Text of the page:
The Swiss branch of the environmental organisation, Greenpeace, has called on the government to rethink its nuclear waste policy.
The call comes as the House of Representatives prepares to debate a revision of the country's nuclear energy law on June 19.
Greenpeace claims that a proposed modification of the existing law could lead to the exportation of nuclear waste to Russia.
The organisation says it is lobbying parliamentarians not to support a declaration of intent signed by the Swiss nuclear industry and Russian authorities in 1998.
Around 20 Greenpeace activists - dressed in white and wearing masks - demonstrated outside the parliament building in the federal capital, Bern, this week as parliamentarians arrived for the summer session.
"We are calling on authorities to ban the reprocessing [of nuclear waste] and to prohibit the export of Swiss nuclear waste to foreign countries," said Greenpeace spokeswoman Eva Geel.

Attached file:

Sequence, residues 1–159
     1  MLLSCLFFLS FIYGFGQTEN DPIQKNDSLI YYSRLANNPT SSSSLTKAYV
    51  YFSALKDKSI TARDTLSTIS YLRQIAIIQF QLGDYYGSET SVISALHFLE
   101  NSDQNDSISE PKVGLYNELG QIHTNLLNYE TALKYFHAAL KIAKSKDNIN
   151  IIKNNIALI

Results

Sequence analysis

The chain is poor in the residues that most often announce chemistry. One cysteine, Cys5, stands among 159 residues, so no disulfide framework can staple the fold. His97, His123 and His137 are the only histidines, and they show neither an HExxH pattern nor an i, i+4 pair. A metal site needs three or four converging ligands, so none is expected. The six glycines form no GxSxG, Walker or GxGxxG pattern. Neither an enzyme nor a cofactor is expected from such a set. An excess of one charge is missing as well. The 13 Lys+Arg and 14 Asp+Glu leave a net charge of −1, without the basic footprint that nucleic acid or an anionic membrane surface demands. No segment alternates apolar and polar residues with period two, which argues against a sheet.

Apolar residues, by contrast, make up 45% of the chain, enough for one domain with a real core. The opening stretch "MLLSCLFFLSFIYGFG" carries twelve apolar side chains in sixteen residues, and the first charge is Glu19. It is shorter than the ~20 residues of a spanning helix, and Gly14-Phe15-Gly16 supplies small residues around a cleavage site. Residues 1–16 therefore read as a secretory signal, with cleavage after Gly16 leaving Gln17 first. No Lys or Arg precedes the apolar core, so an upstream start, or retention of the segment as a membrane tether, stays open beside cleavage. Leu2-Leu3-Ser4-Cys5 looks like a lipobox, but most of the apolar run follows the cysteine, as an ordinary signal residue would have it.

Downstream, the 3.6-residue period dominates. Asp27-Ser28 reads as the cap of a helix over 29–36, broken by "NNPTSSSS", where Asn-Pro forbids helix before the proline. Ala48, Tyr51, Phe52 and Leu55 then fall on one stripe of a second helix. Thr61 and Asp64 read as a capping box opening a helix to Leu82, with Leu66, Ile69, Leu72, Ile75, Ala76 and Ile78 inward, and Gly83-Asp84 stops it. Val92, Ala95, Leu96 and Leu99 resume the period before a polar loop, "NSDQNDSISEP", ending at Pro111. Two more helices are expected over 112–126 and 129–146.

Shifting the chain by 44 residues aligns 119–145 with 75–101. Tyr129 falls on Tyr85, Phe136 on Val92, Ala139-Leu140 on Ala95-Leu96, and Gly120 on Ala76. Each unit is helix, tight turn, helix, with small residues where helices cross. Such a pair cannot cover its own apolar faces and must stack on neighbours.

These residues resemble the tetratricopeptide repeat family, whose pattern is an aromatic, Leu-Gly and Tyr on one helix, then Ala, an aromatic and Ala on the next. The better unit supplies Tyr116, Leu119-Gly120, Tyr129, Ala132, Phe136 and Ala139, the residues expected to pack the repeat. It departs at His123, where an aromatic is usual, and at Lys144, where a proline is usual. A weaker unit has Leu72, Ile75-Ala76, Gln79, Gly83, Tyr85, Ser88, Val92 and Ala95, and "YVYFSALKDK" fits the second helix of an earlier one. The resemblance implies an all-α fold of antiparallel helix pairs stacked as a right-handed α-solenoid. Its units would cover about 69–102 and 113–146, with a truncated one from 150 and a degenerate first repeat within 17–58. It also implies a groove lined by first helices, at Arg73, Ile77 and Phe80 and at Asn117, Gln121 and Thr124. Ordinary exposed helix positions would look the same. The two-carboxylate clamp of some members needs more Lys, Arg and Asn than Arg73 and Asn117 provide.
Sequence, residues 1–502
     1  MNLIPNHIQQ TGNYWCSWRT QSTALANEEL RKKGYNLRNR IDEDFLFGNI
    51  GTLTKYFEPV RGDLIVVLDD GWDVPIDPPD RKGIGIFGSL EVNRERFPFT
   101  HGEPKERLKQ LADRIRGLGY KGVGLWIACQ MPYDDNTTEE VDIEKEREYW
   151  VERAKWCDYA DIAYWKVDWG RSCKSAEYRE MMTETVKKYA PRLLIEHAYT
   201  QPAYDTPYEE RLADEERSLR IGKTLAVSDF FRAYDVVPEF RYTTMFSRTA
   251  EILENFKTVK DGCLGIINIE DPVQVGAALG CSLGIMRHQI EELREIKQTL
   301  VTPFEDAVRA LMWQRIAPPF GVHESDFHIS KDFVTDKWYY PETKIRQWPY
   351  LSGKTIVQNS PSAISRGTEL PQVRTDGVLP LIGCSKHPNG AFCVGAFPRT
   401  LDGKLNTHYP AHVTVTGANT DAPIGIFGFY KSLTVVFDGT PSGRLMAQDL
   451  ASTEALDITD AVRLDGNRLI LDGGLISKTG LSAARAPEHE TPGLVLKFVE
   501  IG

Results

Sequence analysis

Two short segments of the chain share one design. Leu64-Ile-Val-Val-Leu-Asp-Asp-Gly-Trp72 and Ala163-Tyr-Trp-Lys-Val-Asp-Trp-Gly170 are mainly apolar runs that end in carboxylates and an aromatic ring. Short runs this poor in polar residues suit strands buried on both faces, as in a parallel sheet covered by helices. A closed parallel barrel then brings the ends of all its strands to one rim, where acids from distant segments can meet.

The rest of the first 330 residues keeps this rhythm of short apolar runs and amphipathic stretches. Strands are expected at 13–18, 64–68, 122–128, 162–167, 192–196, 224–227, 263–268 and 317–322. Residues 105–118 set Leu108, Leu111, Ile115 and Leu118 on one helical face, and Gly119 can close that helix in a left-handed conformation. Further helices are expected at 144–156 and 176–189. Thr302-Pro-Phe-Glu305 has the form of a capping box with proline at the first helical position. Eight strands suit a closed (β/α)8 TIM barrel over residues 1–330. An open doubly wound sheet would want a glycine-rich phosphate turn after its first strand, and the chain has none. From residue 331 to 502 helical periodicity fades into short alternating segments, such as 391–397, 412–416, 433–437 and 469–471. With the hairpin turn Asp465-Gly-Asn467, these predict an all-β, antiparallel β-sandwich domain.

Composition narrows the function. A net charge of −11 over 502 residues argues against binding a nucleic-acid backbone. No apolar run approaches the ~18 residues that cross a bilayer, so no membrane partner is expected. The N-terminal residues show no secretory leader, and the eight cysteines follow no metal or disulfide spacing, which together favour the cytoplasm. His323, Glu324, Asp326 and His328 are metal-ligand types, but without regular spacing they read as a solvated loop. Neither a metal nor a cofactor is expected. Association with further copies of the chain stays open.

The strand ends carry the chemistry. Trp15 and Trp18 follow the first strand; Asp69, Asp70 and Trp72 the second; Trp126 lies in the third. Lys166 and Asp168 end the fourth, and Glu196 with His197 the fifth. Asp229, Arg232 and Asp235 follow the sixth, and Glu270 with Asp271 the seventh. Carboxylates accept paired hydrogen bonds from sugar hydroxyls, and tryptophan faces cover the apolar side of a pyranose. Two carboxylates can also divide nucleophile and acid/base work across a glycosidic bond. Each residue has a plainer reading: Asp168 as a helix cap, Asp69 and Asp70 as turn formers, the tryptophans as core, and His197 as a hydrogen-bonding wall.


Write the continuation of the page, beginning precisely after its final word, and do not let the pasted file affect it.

Switzerland already sends nuclear waste to Britain and France but is contractually obliged to take this back once it has been reprocessed.
However, under the deal signed with the Russians, nuclear waste would not be returned to Switzerland for final storage, Geel told swissinfo.
"If nuclear waste comes back to Switzerland and has to be stored for thousands of years, it will destroy the image of clean nuclear energy. So the obvious solution for them is to send it to Russia and forget about it," she added.
But Werner Buehlmann, head of the nuclear energy division at the federal energy office, said nuclear waste would not be exported to Russia unless "very strict conditions" had been fulfilled.
"One of these conditions is that the foreign country must already have final storage facilities with an internationally accepted level [of security]," Buehlmann said.
"The conditions for the export of nuclear waste must be fixed in a bilateral agreement between that state and Switzerland, and we think that for the foreseeable future Russia will not be a candidate to fulfil our obligations in that field," he added.
by Scott Capper and Ramsey Zarifeh